Indianapolis hosts major events as well as every city in America. Downtown has been revitalized over the past 20 years, in part due to the state and city investing in entrepreneurs and innovators. Indianapolis has several tech startups driving tech in bioinformatics, SaaS optimization, and virtual training from industry giant Lessonly. These could be technology and customer management systems, to name a few. There are many funders available to innovators in the Indy area, including High Alpha, Innovate Indiana, and Xcap Angels, to name a few. If that weren't enough, Indiana has allocated $ 1 billion over the next 10 years to drive innovation and entrepreneurship in Indiana.
4. Columbus, Ohio
Home to promising startups like Sollis Therapeutics, Root Insurance and 2Checkout, Columbus has been consistently ranked as a top city for startups to scale by the Kauffman Index. The per capita funding available to startups in Columbus is among the highest in the nation, meaning startups that have grown in-house and experts from across the nation view Columbus as a prime place to take root Beat and scale, as former Sequoia Capital partners testify Chris Olsen and Mark Kvamme left Silicon Valley in 2012 to start Drive Capital, now considered the largest VC company in Columbus.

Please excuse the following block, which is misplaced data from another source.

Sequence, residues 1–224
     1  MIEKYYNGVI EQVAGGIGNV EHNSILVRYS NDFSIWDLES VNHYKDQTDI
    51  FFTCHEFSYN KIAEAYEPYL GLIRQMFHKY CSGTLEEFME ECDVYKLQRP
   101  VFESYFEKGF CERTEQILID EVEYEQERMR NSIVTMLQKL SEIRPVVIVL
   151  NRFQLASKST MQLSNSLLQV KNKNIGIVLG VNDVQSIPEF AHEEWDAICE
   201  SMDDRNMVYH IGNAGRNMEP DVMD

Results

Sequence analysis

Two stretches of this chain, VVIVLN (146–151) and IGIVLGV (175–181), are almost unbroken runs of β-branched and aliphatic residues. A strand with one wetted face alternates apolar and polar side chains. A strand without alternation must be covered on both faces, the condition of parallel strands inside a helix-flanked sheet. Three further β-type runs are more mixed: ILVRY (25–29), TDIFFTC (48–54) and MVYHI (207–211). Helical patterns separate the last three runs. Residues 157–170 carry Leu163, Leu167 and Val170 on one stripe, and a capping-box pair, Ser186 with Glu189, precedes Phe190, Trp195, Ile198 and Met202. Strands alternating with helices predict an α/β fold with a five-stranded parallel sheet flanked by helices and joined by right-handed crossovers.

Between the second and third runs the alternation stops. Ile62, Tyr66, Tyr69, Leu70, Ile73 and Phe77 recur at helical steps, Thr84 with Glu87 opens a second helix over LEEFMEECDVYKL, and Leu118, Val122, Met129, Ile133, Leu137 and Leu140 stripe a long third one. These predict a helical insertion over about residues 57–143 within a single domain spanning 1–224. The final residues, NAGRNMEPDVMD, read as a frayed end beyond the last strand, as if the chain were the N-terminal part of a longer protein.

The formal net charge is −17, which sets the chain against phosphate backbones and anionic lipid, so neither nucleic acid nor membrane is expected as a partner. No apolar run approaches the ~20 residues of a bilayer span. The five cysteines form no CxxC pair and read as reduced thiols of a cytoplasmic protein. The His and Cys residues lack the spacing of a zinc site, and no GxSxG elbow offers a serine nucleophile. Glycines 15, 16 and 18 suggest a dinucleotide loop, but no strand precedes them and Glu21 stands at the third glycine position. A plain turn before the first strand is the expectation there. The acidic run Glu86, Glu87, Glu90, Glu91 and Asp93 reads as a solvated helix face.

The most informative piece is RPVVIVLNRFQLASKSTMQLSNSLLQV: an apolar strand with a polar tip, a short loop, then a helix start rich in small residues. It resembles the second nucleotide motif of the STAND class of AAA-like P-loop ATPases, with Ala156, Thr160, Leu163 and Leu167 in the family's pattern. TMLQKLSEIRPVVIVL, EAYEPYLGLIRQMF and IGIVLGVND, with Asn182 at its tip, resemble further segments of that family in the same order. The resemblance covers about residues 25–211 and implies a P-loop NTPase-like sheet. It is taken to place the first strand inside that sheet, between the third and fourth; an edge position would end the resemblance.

The entire Columbus community, including Ohio State University and the Short North neighborhood, work together to create and nurture a vibrant startup community. Innovators like SafeChain and wireless Internet of Things provider Nikola Labs and Ohio's first unicorn CoverMyMeds have their roots in Columbus.
5. Omaha, Neb.
Omaha, NE is not only home to one of the most vibrant independent music scenes in the US, but also an unexpected innovation hotspot. They recently founded Facebook Inc.'s newest data center, have an incredibly supportive local chamber of commerce, and host highly rated innovative companies in the fields of web security, video conferencing, cardiothoracic surgery, and supply chain technology. One of the greatest advantages is the presence of the Nebraska Innovation Campus, which "brings together the talent of professionals, companies and the university to create a unique culture of innovation."